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Cases Journal

Open Access

Nocardia – Opportunistic chest infection in elderly: A case report

Cases Journal20081:122

https://doi.org/10.1186/1757-1626-1-122

Received: 08 August 2008

Accepted: 21 August 2008

Published: 21 August 2008

Abstract

In this rare case a non-immunocompromised patient with old Tuberculosis on low dose of steroids presents with opportunistic infection of a weakly aerobic gram positive acid fast, filamentous bacteria called Nocardia.

An 80 year old non-smoking white female presented with cough, shortness of breath and purulent sputum.

Initial antibiotics given were not helpful. Later microbial diagnosis was Nocardia in sputum sample which was uncommon in a non-immunocompromised. She responded to co-trimoxazole therapy.

Background

Nocardia organism is filamentous gram positive rods. They are aerobic. Human pathogens infect by inhalation of airborne bacilli or the traumatic inoculation of organism into skin. Overall 80% present as invasive pulmonary infection, disseminated disease abscess; 20% present as cellulitis. Debilitated patients have a 45% mortality rate even with appropriate therapy.

Case presentation

An 80 year old non-smoker white female was admitted with shortness of breath and cough with purulent sputum. Relevant past history of polymyalgia rheumatica, for which she was on regular low dose steroids. She also informed past history of Tuberculosis (in 1951) treated in sanatorium. She was hypoxic with oxygen saturation 79.9% on air. Her inflammatory markers were high. Chest X-ray [Fig 1] and Computed tomographic scan [Fig 2] revealed old calcification of right apical lobe and consolidation and bronchiectatic changes of right lower lobe. She was treated with bronchodilators and antibiotics. She was still hypoxic with high inflammatory markers. The microbial diagnosis was established after isolating Nocardia in sputum sample. Subsequently she was subsequently treated with trimethoprim and sulphamethoxazole for 6 months and offered further follow-up. Further follow-up clinic we found out that she responded to the treatment.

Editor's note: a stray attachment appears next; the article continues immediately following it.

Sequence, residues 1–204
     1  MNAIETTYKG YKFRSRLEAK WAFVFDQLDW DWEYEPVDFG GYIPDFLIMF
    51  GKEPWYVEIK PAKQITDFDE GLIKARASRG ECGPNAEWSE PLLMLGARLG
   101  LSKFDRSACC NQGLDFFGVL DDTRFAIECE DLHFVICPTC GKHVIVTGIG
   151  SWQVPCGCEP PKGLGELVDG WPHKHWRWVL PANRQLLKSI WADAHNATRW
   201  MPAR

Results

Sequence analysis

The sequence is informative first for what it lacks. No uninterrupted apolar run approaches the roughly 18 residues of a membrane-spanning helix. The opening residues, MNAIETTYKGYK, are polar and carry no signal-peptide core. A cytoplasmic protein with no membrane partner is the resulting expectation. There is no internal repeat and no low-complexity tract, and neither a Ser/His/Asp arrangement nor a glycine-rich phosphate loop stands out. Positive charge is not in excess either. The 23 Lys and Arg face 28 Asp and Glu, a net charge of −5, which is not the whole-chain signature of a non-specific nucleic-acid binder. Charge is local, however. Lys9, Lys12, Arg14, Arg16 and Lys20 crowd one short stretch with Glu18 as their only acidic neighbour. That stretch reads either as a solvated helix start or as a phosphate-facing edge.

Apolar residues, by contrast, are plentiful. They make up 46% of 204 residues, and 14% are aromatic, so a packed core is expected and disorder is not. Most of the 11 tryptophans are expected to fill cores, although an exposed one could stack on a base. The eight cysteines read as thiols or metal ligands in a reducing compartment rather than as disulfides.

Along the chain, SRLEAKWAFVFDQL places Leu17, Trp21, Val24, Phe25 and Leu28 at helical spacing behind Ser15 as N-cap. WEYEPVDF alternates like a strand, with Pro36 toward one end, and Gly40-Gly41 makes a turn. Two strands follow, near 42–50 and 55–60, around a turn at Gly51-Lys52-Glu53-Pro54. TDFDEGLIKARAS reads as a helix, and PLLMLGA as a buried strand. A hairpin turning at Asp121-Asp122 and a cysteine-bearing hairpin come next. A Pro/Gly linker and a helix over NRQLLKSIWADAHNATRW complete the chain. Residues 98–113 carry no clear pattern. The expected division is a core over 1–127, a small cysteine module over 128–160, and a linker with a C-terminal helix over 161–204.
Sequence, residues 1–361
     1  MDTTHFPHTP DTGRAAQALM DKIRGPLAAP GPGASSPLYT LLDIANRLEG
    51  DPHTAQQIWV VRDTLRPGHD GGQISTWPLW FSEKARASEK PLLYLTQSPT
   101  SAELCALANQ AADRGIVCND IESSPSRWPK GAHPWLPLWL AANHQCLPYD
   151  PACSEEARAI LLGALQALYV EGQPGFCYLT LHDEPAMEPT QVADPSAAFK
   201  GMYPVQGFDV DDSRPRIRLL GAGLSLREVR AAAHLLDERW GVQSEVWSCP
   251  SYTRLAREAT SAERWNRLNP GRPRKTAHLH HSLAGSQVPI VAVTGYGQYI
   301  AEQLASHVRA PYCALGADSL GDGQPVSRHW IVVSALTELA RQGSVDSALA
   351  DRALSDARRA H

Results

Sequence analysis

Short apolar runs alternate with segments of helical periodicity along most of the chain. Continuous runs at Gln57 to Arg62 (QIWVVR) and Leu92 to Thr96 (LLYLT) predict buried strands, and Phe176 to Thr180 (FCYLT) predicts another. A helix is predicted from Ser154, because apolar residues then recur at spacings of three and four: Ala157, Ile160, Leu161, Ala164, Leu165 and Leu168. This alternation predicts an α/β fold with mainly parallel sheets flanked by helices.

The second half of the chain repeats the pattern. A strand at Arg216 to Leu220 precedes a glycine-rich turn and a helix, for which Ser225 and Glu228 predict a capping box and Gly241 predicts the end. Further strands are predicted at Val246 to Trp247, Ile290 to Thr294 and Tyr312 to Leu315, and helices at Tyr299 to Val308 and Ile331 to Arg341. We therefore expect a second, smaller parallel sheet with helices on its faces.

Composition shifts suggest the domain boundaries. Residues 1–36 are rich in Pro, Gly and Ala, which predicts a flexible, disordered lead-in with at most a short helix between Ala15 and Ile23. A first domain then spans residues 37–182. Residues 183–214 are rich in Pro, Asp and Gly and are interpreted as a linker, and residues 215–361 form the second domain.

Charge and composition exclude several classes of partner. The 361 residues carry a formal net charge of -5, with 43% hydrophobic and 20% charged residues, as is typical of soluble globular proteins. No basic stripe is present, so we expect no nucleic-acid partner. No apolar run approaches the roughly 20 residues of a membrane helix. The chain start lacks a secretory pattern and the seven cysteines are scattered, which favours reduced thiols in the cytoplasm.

Figure 1

Chest X-ray showing consolidation and bronchiectatic changes.

Figure 2

CT scan showing bronchiectatic cavity of old tuberculosis which grew Nocardia.

Discussion

In this report, we present a rare case of a non-immunocompromised patient with old Tuberculosis but she has been on low dose of steroids. Nocardia is a weakly aerobic gram positive acid fast, filamentous bacteria. They are an important opportunistic infection in elderly and immunocompromised affecting lung, brain and skin. Nocardiasis is sporadic and have higher incidence in the immunocompromised population. There is no age, race predilection [1]. Pre-existing lung condition, in this of case of tuberculosis increase the risk of contracting the infection. Bronchiectasis is an important risk factor of Nocardia colonisation. The presentations are cough, fever and difficulties in breathing. The spread is sporadic, and are usually found in dust and soil. The use of Ziehl Neelson technique with a weaker acid concentration can result in identification of a variety of acid fast organisms [2]. Generalised infection involves cutaneous joint and pulmonary cause. Further dissemination involves acute and chronic symptoms. There are no person to person transmission. Core diagnostic test include sputum culture and bronchoscopy.

Standard therapy is trimethoprim-sulphamethoxazole for 6 months to 1 year. Refractory case needs imipenem and amikacin. Nocardiais should be suspected in immunosuppressed patients.

Conclusion

Pulmonary bronchiectasis is difficult to diagnose, which delays its diagnosis and a high level of suspicion is required in patients with underlying chronic condition or chronic steroid use [3]. Nocardia when involves the central nervous system leads to a poor prognosis, implies an early diagnosis and prompt treatment. Death occurs from sepsis, overwhelming pneumonia or brain abscess. Mortality is increased in disseminated disease involving 2 or more organs [4]. Mortality is more in patients on corticosteroids or chemotherapy. Nocardiosis should be an important differential of any chronic pneumonia not responding to the antibiotic treatment.

Declarations

Acknowledgements

Written consent has been obtained from the patient for submission of this manuscript and figures for publication. Funding was neither sought nor obtained.

Authors’ Affiliations

(1)
Department of Medicine, Norfolk and Norwich University Hospital

References

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Copyright

© Sanyal and Sabanathan; licensee BioMed Central Ltd. 2008

This article is published under license to BioMed Central Ltd. This is an Open Access article distributed under the terms of the Creative Commons Attribution License (http://creativecommons.org/licenses/by/2.0), which permits unrestricted use, distribution, and reproduction in any medium, provided the original work is properly cited.

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